The pen had lodged itself just above his eye.
A doctor at Karlskrona hospital sewed up the gash in the boy’s head, kept him in for overnight observation and sent him home in the morning. Had the doctor bothered to x-ray the child it would have been discovered that a piece of the pen remained in the boy’s skull.
After returning home the boy began complaining of headaches, fever and dizziness. The boy was taken back to hospital where he was x-rayed and the foreign object detected. The boy was then rushed to Lund University Hospital.
The boy was by this time suffering from meningitis as a result of the pen stub and so an operation had to wait until he had completed five days of antibiotics treatment.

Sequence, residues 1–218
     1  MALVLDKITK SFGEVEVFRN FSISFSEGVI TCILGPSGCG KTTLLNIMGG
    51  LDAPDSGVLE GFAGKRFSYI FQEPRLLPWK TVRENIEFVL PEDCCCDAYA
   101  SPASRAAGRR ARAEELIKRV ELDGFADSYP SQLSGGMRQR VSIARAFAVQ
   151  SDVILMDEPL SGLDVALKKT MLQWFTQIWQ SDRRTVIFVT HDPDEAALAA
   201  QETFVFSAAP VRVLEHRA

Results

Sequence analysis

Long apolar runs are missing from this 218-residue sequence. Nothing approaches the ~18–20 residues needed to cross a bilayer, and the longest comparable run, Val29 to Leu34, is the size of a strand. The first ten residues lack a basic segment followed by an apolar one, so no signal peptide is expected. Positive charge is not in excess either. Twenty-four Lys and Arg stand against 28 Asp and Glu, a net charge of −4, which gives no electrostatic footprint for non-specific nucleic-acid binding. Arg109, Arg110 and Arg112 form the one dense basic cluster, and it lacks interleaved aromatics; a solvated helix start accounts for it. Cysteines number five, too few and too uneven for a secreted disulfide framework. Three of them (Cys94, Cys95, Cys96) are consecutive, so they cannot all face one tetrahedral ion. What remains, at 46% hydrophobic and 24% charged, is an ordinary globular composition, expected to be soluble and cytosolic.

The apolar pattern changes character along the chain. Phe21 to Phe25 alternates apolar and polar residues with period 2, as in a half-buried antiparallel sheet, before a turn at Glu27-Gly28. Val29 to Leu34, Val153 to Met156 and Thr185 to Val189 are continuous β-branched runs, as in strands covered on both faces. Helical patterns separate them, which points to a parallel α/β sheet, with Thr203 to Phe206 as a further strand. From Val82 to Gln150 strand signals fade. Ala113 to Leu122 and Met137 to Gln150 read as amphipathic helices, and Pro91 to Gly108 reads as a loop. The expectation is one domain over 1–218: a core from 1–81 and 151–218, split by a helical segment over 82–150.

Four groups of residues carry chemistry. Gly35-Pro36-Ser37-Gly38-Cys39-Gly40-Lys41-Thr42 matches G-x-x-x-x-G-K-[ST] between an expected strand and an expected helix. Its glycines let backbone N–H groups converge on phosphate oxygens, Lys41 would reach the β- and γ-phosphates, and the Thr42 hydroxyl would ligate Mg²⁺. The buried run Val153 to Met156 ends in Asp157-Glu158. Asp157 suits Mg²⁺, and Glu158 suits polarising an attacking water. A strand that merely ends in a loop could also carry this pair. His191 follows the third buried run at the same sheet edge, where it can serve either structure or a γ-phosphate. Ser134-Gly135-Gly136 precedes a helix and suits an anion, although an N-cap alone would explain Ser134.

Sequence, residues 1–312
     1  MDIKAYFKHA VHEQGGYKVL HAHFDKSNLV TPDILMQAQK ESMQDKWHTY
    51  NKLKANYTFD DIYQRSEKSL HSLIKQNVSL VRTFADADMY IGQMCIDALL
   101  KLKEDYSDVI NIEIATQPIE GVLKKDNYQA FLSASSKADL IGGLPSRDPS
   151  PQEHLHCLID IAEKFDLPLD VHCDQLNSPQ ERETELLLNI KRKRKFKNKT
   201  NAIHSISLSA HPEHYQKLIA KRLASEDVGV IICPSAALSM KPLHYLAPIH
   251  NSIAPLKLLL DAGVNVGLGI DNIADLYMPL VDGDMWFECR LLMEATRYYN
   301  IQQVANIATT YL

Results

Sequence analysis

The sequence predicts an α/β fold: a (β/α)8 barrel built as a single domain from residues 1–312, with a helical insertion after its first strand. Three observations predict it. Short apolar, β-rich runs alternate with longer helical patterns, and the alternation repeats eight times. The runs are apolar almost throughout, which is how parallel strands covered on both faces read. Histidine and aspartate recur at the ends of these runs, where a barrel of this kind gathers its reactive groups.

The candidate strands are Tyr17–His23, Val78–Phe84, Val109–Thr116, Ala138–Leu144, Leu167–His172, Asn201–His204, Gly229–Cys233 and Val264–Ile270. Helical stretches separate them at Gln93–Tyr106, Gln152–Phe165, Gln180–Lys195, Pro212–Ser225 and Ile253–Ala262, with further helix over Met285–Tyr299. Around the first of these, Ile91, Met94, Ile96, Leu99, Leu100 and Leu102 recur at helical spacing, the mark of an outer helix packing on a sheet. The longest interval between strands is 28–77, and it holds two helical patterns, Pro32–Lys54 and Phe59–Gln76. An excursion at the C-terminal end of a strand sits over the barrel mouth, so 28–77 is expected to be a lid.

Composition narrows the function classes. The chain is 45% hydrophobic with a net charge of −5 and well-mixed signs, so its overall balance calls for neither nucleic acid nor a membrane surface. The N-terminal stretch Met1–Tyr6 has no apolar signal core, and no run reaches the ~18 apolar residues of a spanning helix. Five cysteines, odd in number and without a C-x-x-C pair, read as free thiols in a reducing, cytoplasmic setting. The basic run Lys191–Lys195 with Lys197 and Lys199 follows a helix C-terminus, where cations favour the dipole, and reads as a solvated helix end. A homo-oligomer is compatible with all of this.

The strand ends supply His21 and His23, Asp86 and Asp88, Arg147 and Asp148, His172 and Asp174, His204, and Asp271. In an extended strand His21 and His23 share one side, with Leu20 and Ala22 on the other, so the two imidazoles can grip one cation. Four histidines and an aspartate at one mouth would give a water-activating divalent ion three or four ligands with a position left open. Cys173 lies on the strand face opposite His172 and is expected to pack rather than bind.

After two operations the pen stub was finally removed from the long-suffering boy’s skull. Doctors in Lund said that the boy was lucky to be alive.
“The thing that bothers me is that the boy was made to suffer unnecessarily. He should have been x-rayed at once,” said the 13-year-old’s grandad to Blekinge Läns Tidning.
An x-ray is not standard procedure at hospitals in Blekinge when patients are admitted with foreign objects in their heads.
“Not if the doctor has ensured that everything has been removed,” explained head physician Urban Sjöblom.
Karlskrona hospital plans to conduct an internal enquiry as the basis of a report to be submitted to the National Board of Health and Welfare (Socialstyrelsen).